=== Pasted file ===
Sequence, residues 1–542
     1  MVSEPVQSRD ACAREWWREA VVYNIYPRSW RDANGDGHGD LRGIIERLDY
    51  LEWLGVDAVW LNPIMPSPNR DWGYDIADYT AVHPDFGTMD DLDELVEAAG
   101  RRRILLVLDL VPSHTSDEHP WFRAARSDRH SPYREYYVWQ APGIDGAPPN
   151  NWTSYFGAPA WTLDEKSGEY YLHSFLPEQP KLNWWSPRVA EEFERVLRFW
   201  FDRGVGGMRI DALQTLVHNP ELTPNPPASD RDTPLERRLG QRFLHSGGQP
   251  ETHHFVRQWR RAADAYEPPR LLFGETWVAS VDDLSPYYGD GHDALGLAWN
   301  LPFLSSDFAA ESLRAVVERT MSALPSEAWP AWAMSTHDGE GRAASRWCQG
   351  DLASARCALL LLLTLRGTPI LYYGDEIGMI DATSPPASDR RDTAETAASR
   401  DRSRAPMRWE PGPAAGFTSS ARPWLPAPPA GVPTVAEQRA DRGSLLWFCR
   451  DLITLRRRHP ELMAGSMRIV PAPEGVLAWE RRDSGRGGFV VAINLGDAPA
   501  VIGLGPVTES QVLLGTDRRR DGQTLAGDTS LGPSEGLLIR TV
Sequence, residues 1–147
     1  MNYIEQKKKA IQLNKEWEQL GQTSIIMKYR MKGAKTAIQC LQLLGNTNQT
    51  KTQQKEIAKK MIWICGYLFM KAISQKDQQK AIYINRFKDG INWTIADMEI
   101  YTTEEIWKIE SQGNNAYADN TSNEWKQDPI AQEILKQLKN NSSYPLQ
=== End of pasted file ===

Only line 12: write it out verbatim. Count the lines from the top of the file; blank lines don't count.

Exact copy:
   501  VIGLGPVTES QVLLGTDRRR DGQTLAGDTS LGPSEGLLIR TV